Brasidas Group is pleased to present another issue of our newsletter, focusing on Latin America and recent changes that have swept the region, impacting not just the economies of these countries, but society itself. What we have seen in Latin America is the interconnectedness of its different regions, such that political and social shifts in one state bring about changes in the everyday lives of citizens in neighboring countries.
The most pressing issue is certainly the refugee crisis in Venezuela, which has first and foremost affected its neighbor Colombia, which has accepted the majority of migrants coming from Venezuela. Moreover, the ripple effect has reached Colombia’s institutions, as well, as this influx of people has placed a financial burden on healthcare, security, logistics, and the economy overall. In these already fragile circumstances, questions arise as to the long-term effects that the influx of over four million refugees will exert on society at large. While there have been historical examples of immigrants contributing substantially to the economies of their host countries by becoming part of the workforce, it is necessary for governments to first invest in their integration and create suitable opportunities. It remains to be seen whether this kind of spending from the budgets of host countries will eventually be surpassed by the benefits reaped from immigrant involvement.
Although regional stability is greatly impacted by the situation in Venezuelan society, with hyperinflation and high unemployment persisting for years, President Nicolas Maduro’s regime still remains strong. Supported by the military, and with a weak opposition not presenting any conceivable threat, Maduro seems to be determined to stay in power for years to come. Moreover, there does not seem to be a likelihood of the U.S. initiating political and military intervention, as this move could backfire and be perceived as being orchestrated from abroad.
That said, U.S. involvement in the region has certainly impacted one of the most lucrative segments of the economy -- oil production -- due to the U.S. imposing new sanctions on Venezuela’s crude oil business in January 2019. Consequently, Venezuela’s traditional allies, Russia and China, are now jostling for influence amidst the instability. It appears that China will exert increased impact on the oil market, taking over nationalized oil fields which had been used by U.S. companies in the past. Resultantly, China’s presence in the energy supply sector will prevail over Russia and the U.S. in the international sphere.
Another facet of Venezuelan vulnerability spilling over into surrounding states lies in the Revolutionary Armed Forces of Colombia (FARC), who are resorting to violence after a brief ceasefire. Specifically, they have been teaming up with Iranian individuals who are impacting the political crisis in Venezuela. Taking into account FARC’s ties to international drug and weapons trafficking, Colombia faces impediments in its endeavors to sustain the long-awaited stability which followed after decades of turmoil.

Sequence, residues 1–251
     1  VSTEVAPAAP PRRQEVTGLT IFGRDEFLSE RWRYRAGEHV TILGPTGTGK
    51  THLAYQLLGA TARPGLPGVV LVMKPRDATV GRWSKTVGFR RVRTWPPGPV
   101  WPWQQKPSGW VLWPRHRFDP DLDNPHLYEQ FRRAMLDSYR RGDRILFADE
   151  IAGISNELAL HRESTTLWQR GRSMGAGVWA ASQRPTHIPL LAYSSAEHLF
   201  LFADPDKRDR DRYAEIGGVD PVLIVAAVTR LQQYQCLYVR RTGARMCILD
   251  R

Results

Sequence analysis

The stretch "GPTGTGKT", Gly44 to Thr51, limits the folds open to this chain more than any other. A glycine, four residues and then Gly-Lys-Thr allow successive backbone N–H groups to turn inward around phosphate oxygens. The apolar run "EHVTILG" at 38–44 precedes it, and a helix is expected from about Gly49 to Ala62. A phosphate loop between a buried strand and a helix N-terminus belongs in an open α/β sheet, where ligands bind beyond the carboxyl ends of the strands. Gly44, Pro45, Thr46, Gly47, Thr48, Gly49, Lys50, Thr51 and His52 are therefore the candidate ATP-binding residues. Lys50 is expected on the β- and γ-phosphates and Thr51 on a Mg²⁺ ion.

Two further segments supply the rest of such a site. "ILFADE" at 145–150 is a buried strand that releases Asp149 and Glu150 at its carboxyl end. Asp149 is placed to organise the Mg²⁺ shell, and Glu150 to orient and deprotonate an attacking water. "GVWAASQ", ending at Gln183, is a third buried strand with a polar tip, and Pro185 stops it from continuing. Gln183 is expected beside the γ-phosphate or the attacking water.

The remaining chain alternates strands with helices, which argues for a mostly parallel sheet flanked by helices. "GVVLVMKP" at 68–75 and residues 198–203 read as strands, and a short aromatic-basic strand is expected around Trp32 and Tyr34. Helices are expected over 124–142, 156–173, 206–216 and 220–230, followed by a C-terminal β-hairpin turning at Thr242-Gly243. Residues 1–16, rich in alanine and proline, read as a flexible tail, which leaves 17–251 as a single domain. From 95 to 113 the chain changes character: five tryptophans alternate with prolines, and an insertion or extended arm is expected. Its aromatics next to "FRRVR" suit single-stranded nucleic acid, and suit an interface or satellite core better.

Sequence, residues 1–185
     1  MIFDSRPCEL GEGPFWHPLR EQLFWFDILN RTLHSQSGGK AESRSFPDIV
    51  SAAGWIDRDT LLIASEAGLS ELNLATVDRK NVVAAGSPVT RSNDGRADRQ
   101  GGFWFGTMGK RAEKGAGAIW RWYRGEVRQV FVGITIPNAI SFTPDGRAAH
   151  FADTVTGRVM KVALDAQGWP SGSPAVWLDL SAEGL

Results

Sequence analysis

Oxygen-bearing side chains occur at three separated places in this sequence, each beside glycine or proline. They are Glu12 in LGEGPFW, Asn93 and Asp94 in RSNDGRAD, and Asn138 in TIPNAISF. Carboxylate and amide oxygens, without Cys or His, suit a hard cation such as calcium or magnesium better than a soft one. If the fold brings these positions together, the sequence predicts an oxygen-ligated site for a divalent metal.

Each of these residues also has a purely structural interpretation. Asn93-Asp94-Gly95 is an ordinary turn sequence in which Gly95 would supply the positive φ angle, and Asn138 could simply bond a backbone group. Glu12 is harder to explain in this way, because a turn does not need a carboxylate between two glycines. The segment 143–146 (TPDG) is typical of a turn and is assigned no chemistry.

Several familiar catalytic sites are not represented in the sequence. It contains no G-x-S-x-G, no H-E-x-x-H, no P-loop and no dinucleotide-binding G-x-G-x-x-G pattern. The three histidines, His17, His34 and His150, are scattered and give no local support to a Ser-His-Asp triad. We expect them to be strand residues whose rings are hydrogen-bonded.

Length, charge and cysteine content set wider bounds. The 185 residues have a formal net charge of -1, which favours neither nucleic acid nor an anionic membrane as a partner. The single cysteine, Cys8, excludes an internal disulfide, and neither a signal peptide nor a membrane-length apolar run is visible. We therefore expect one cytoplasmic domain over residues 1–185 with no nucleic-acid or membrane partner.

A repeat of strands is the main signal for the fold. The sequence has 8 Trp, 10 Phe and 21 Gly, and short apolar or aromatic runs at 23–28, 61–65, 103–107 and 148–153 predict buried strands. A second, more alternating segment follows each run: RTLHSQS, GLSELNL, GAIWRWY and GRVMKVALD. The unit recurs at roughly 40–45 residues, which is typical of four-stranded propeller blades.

Similarly, drug-related violence is mounting in Mexico, as significant parts of the population still resort to illicit income in the midst of widespread poverty and corruption. President Manuel Obrador’s paradoxical intention to decriminalize all drugs has naturally come across objections, while the government’s belligerent campaign against drug trafficking and organized crime has brought results in the form of criminals’ arrests. Nonetheless, the ultimate situation is that clashes have bled into other areas of Mexico, no longer being confined to zones regarded as risky.
Despite there being indications that political change in Brazil will disrupt the status quo and lead to an increase in public security, it seems that things have stayed the same since President Jair Bolsonaro took office. As a result, there have been anti-government protests due to the lack of progress in combating organized crime, with Bolsonaro even campaigning for the easing of gun laws. This has shifted the responsibility towards Brazilians themselves to protect their own safety. What is more, the message conveyed to citizens is to continue seeking individual remedies for problems generated by society.
While Venezuela is still faced with the aftermath of its totalitarian past, it seems that all is not bleak in the region after all, as Chile has been making efforts to move on. Namely, its intelligence sector has come a long way since Pinochet's dictatorship, when it was utilized to control the citizens. The recent changes which this sector has undergone are instilling trust in residents that democratic reform is possible, even transforming an institution that ordinary citizens had been apprehensive of for decades.
Brasidas Group hopes its readers will find these latest insights pertaining to Latin America useful. In a day and age where politics, economics, and social concerns all too often intersect, it is essential that one stay apprised of the interrelatedness and resultant implications of such developments in one region.